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Siobhan RobertsEvery mathematical biographer faces the same vexing problem: Mathematicians spend their lives sitting at a desk and writing in a notebook. Occasionally they switch desks. There are exceptions -- Évariste Galois dying at 20 in a duel, John Nash succumbing to and subsequently emerging from psychosis -- but Donald Coxeter was not an exception. He earned his PhD, married his first girlfriend and settled into a professorship at the University of Toronto, where he stayed from 1936 until his death in 2003, at the age of 96. If there's an interesting story to be drawn from his life, it's a story about the history of ideas -- more precisely, about the history of geometry.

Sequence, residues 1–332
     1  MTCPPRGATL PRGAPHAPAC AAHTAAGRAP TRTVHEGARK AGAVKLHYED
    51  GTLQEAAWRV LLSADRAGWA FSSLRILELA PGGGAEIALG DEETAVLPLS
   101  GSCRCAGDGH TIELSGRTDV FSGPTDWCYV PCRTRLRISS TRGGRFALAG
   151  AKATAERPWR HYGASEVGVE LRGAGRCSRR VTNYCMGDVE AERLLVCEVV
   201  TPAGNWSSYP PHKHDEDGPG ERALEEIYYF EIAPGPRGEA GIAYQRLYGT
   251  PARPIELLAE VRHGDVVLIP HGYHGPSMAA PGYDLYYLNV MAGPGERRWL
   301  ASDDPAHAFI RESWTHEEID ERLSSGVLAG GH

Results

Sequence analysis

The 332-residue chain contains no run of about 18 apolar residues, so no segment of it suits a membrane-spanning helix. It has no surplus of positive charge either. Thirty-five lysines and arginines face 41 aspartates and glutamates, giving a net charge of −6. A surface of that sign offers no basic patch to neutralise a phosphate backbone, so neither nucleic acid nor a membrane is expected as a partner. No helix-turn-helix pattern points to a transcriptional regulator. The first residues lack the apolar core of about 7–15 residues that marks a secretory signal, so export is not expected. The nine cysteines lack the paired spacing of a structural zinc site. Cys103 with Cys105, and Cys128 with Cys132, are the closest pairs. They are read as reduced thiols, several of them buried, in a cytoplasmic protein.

— The Washington Post